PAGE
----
Prof. Ragnar Norrby, Director General of the Swedish Institute for Infectious Disease Control, has been elected to be the new Chairman of the Board of Trustees for the International Vaccine Institute (IVI), the first international organization with headquarters in the Republic of Korea.
Prof. Norrby, 63, has had a distinguished career in infectious diseases in academia, clinical medicine and industry. With a Ph.D. in medicine from the University of Gothenburg in Sweden, he has served as a professor in the Department of Infectious Diseases and Medical Microbiology at the University of Lund, Sweden for over 20 years. He has been on the IVI Board since 2004, as one of five members representing the IVI´s signatory countries.
In the three-day meeting held at Hoam Faculty House at Seoul National University, the Board approved IVI´s budget of US$25 million for the fiscal year 2007, up from US$16 million this year. The budget reflects a growing need for research funds as the Institute strives to expand the scope of its programs. "The IVI is moving into research on vaccines against additional diseases of importance, including pandemic influenza and tuberculosis," said Dr. John Clemens, Director General of the IVI in his report to the Board.
In a bid to spur research on vaccines against emerging diseases, the IVI will complete the construction of a BSL-3 laboratory later this year. The BSL-3 lab will allow the IVI to detect and analyze highly virulent pathogens, including the deadly H5N1 flu virus, which is essential to the development of new vaccines to combat a potential pandemic flu.
The Board called on the IVI to step up on-going efforts to develop and introduce new vaccines against "neglected diseases." These include diarrheal and respiratory diseases and mosquito-born infections that collectively kill some 5 million of the poorest people worldwide each year.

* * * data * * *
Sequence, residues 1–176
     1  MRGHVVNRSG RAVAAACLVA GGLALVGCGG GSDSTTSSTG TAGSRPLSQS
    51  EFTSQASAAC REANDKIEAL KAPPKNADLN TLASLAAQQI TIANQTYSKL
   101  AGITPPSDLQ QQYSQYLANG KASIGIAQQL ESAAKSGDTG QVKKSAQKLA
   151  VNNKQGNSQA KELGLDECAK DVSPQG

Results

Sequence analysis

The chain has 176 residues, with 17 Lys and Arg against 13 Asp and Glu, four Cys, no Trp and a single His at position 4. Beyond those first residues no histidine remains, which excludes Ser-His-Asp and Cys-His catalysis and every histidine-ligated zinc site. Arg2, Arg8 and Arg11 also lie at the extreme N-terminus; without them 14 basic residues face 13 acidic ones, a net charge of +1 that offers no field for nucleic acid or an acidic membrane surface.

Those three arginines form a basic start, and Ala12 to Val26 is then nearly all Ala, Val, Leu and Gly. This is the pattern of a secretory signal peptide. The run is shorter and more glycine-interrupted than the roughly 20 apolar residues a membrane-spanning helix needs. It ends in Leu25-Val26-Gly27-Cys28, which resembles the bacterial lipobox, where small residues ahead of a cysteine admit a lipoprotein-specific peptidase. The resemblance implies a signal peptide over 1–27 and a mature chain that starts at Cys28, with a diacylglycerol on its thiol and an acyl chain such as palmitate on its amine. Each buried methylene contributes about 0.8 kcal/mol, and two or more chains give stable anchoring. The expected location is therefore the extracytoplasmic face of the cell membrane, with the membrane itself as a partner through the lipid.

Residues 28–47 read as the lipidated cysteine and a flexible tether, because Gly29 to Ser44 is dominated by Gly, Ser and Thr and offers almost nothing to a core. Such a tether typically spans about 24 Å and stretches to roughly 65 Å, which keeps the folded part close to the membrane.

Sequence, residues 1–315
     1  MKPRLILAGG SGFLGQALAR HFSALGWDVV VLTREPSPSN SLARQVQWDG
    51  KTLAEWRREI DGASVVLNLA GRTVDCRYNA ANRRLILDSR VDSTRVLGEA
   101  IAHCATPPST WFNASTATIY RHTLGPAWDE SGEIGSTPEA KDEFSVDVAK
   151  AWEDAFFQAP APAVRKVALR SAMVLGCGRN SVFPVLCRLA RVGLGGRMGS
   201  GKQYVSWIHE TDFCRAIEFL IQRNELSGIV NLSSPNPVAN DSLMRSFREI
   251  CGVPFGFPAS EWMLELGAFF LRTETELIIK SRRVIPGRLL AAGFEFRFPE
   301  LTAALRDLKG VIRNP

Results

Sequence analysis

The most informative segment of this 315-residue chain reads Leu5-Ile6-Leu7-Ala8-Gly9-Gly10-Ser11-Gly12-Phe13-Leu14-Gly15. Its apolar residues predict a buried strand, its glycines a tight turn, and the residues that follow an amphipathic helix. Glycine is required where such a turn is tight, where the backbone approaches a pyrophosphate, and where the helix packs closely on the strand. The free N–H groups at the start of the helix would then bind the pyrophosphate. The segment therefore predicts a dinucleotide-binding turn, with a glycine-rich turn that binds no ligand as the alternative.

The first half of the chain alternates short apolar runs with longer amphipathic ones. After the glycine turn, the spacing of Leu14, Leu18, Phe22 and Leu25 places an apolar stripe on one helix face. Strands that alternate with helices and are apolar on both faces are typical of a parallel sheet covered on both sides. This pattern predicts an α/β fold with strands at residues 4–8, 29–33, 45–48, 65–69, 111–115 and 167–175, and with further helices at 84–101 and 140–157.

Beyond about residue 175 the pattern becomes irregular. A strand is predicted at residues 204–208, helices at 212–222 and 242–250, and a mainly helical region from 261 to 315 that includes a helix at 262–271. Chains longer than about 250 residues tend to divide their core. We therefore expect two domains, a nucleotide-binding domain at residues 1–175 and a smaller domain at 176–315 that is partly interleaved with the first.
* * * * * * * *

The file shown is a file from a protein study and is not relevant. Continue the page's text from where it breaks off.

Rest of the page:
IVI scientists recently discovered that incidence rates of Japanese encephalitis among children under 10 years of age in the Indonesian resort island of Bali were much higher than previously thought. The study, cited in the journal BMC Medicine last week, prompted the Balinese government to expand its JE immunization program to cover all children under 10 on the island.
"This study suggests the future direction of the IVI," said Prof. Norrby. "The IVI must double efforts to ensure that such important discoveries from its studies are actually translated into policy actions by developing country policymakers in order to make affordable vaccines available to the world´s poorest people."
The board also stressed the need to invite member nations of the Organization for Economic Cooperation and Development (OECD) and other countries to join the IVI as Signatories to extend its resource base and global outreach. Prof. Nay Htun of UN Peace University, who chairs the IVI´s Institute Support Council, said, "If the IVI is to harness these many opportunities to ensure sustainability and growth, further support of the Institute by donors and member states will be essential," urging broader support for the Institute´s global humanitarian efforts.